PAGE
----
The inspired message then follows. It contrasted the qualities of a true king with those who are lawless and worthless. "He that ruleth over men must be just, ruling in the fear of God, and be as the light of the morning at sunrise, a morning without clouds; as the tender grass out of the earth sparkling after rain ..." But those "of Belial" would be as thorns which cannot be touched except by iron tools and must be burned with fire.
* * *
Then follows a list of the "thirty-seven" mighty men of David. (2 Sam. 23:8) The deeds of Adino, Eleazar, and Shammah are recounted, as well as those of the next mightiest, Abishai and Benaiah; and thirty-one others are named, making thirty-six. But Joab is conspicuous by his absence from the list; neither is Abner mentioned. For both these men although chiefs over armies failed to live up to the measure of a hero. One was a murderer, another a rebel. The "mighty men" in David's list represented the "truths from good" which fight for the establishment of a spiritual conscience, and this cannot be done from a natural love, but by convictions that spring from spiritual charity. The truths which can fight evil and falsity are truths also which have acquired strength and skill in the arena of man's conscious thought.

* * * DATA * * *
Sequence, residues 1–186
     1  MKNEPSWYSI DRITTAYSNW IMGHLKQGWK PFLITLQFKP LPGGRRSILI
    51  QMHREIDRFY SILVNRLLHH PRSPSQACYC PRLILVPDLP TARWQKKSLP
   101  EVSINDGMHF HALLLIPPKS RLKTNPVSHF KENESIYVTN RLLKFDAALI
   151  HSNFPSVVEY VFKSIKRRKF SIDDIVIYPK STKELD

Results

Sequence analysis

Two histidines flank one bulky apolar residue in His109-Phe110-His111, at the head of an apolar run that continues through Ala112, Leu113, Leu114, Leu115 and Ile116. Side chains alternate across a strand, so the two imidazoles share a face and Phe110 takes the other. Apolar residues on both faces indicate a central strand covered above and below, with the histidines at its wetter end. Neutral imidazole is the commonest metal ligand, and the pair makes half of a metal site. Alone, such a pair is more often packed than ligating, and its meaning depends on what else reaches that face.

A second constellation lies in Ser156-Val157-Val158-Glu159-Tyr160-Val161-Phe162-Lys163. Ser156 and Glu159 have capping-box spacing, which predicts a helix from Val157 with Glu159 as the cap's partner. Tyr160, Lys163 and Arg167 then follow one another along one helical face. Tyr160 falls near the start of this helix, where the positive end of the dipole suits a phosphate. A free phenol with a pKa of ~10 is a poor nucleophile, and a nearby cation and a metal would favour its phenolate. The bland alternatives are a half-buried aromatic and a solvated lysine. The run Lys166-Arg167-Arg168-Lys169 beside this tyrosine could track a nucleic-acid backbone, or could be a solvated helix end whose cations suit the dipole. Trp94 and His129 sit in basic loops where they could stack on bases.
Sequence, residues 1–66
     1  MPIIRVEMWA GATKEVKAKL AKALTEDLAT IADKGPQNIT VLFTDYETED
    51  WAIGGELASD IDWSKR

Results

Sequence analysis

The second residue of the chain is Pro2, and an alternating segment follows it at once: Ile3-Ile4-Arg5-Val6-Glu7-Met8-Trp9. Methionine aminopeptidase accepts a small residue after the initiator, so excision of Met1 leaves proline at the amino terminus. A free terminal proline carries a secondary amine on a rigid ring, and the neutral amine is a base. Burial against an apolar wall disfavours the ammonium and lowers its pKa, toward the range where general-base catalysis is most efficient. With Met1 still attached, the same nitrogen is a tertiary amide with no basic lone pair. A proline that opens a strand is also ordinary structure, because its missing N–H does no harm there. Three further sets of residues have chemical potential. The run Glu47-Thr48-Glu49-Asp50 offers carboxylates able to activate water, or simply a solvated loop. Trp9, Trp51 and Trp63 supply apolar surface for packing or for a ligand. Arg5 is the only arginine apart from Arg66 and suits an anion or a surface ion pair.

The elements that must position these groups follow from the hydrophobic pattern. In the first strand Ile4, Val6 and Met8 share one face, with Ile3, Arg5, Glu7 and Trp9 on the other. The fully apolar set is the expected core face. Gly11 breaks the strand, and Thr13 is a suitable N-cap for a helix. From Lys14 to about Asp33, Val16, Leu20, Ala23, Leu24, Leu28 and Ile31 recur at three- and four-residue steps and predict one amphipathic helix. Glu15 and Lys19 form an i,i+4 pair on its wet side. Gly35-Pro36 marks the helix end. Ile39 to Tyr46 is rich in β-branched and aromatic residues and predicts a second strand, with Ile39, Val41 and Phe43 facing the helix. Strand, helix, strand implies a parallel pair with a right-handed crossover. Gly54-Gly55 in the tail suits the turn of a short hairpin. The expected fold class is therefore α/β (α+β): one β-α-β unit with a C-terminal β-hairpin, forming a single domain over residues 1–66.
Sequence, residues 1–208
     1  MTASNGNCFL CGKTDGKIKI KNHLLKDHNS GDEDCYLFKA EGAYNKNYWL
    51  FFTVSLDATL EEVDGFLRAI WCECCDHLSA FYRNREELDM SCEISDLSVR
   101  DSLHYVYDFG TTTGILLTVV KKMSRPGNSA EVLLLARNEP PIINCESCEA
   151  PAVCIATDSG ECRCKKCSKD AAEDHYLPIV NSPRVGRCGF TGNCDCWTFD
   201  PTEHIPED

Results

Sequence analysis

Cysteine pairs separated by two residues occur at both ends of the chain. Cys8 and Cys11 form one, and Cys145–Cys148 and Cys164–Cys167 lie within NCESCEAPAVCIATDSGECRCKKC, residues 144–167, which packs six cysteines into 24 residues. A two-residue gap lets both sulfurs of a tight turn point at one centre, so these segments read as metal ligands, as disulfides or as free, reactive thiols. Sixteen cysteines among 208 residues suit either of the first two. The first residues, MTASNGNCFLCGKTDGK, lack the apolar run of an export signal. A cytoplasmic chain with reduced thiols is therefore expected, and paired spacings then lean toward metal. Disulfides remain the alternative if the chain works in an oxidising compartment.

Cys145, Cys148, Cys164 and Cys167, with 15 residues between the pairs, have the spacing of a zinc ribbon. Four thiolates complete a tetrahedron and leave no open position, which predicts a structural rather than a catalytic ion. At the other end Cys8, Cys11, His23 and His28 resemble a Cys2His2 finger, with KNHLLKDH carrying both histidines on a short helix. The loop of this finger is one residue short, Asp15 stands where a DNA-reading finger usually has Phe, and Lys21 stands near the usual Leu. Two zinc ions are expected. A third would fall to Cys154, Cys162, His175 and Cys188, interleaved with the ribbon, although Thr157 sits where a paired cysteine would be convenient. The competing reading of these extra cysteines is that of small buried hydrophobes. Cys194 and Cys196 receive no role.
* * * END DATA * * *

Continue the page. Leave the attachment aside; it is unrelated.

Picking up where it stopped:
Such truths the real heroes of Israel find their training ground and their battlefield in the natural mind. The Writings plainly show as has been pointed out in preceding chapters that the spiritual mind is furnished or "formed" from those things from the Word which are in man's memory. But in order to enter the spiritual mind, such truths are "elevated" and purified and take on a spiritual form no longer bound to ideas of space and person and time; and such thoughts as man thinks in the spiritual mind are inexpressible, so that he is not really aware of them while on earth except as a vague affection and a new motivation and a delight in uses for others. David represents, particularly, such imperceptible truths which are being stored in the spiritual mind. (AE 625, DLW 252)